Social Darwinism and the Gospel of Wealth

Start Free Trial

What are three examples of philanthropy according to the Gospel of Wealth?

Expert Answers

An illustration of the letter 'A' in a speech bubbles

According to the Gospel of Wealth, wealthy people had an obligation to use their wealth to help people in need. The Gospel of Wealth didn’t refer to giving handouts to people, but, instead, to provide them with the things that would help them to help themselves. Andrew Carnegie was a big believer in the Gospel of Wealth.

One example of philanthropy that was part of the Gospel of Wealth was building libraries. Andrew Carnegie provided lots of money to build many libraries. The purpose of building libraries is to allow people to read books and to obtain materials that would further their education and their studies. If people could get an education, they would have a much greater chance of improving their condition in life.

Another Gospel of Wealth-related example of philanthropy was to build concert halls or provide funds for churches to buy the pipes for their organs. By building concert halls, musicians would have a place to perform and earn a living. People would have a place to go to be entertained by these musicians. People would be able to enjoy the religious services and possibly be inspired by religious values if they attended churches where music could accompany prayer.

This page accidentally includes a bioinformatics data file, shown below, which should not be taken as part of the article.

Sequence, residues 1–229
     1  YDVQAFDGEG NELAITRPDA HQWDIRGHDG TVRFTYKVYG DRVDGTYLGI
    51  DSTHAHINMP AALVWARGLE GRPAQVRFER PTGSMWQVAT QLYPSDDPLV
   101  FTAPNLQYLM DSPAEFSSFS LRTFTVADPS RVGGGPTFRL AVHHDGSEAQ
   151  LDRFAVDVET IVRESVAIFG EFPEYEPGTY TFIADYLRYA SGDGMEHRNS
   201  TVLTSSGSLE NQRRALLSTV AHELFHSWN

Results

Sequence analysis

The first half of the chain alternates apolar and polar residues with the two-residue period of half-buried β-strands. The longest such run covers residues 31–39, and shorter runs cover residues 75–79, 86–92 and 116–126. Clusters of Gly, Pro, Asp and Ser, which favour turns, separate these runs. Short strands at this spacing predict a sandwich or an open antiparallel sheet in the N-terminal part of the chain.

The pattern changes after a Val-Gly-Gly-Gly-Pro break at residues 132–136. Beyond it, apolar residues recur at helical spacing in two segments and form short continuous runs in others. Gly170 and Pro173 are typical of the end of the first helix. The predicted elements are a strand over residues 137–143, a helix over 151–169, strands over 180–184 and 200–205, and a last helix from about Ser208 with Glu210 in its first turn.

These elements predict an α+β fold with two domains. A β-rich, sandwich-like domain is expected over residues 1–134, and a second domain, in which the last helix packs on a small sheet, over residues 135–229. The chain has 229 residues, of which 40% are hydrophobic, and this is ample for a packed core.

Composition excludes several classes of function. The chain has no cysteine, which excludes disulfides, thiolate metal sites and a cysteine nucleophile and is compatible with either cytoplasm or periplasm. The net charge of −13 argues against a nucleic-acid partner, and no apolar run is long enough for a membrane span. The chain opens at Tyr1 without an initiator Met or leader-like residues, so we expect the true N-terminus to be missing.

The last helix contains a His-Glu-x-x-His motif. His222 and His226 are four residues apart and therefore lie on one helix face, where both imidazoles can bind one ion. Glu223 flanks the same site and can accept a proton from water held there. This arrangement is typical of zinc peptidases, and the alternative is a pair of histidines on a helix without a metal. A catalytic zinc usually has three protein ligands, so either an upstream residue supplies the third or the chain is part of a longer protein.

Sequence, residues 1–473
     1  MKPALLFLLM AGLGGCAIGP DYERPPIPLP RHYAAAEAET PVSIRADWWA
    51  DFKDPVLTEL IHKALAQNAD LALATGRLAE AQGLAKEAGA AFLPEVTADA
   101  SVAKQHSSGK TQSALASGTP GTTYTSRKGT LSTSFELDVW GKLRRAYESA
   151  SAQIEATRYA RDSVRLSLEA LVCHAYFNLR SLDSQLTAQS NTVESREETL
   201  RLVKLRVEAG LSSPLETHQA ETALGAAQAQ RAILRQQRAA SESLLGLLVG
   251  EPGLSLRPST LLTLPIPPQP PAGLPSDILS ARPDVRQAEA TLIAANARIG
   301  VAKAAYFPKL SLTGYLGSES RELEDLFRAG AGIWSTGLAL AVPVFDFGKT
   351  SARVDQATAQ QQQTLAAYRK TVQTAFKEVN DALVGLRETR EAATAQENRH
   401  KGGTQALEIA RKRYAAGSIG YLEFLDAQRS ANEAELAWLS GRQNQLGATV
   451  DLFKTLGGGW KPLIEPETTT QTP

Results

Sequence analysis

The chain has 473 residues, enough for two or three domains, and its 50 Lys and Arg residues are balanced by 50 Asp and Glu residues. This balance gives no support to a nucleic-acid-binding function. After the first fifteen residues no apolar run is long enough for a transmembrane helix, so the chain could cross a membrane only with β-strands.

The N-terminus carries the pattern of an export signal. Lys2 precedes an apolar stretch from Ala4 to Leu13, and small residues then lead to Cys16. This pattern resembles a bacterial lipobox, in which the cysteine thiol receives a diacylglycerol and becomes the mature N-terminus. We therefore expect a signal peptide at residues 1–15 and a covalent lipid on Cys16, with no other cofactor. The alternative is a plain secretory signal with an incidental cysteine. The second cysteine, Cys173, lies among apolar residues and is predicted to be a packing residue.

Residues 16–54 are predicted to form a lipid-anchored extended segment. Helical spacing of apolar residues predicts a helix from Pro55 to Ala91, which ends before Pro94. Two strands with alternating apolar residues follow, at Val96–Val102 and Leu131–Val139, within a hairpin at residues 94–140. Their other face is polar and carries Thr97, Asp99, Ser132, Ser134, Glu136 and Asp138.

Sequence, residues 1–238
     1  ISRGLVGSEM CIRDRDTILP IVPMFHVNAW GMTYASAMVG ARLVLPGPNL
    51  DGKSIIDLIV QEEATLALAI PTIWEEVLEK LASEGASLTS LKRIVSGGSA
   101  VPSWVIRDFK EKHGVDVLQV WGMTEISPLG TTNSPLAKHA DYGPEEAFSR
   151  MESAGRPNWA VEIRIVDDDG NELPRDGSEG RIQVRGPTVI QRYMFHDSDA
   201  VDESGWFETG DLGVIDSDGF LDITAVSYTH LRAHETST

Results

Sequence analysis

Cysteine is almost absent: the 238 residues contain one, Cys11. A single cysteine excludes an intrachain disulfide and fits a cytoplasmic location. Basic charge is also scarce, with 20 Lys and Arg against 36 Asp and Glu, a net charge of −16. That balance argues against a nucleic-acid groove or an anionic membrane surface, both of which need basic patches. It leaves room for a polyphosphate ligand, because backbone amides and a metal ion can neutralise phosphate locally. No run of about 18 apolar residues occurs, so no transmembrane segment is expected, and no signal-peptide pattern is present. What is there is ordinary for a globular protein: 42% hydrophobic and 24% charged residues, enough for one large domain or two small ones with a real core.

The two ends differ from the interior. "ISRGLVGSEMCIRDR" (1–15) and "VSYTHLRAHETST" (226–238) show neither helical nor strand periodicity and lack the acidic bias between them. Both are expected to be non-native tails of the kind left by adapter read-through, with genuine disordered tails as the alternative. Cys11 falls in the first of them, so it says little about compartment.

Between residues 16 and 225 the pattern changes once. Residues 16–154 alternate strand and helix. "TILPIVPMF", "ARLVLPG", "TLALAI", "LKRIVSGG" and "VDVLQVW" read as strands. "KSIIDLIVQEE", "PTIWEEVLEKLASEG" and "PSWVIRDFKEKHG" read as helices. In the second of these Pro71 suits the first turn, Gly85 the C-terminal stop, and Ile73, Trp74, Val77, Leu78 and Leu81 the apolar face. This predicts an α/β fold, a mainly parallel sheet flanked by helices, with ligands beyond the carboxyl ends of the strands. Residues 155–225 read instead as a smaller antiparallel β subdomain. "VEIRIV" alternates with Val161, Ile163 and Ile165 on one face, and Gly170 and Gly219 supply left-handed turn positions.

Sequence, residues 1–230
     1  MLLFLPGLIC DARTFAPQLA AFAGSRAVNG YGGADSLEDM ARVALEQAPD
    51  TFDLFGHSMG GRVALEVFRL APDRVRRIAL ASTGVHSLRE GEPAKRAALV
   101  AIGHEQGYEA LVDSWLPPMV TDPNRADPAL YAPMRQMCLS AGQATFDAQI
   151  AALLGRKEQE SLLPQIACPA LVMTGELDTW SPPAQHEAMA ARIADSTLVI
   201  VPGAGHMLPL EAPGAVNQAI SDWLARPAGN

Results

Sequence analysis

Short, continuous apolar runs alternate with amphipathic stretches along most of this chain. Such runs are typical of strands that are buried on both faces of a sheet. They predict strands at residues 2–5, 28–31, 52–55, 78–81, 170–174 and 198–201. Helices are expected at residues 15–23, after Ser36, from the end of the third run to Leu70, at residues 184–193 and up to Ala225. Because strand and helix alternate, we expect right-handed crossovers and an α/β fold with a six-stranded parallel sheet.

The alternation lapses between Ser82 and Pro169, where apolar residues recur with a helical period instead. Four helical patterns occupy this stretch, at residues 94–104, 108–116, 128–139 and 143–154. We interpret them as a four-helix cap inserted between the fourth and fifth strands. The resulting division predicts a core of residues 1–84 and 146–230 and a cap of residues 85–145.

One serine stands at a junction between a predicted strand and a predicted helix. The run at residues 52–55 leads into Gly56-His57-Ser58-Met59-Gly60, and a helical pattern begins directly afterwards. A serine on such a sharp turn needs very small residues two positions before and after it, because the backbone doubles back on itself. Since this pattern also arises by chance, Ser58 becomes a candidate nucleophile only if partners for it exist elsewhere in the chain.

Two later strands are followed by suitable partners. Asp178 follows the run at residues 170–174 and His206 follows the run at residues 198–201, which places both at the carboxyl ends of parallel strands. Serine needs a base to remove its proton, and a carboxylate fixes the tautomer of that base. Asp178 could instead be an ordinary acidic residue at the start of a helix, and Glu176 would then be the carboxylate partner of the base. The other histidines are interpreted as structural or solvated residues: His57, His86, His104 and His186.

A final example of philanthropy related to the Gospel of Wealth is providing money to fund universities. If people could pursue a higher education and get a college degree, they would have a better chance of improving their place in life.

Andrew Carnegie believed in the concepts of the Gospel of Wealth. He believed the wealthy should use their money to help people who want to help themselves improve their position in life.

See eNotes Ad-Free

Start your 48-hour free trial to get access to more than 30,000 additional guides and more than 350,000 Homework Help questions answered by our experts.

Get 48 Hours Free Access
Approved by eNotes Editorial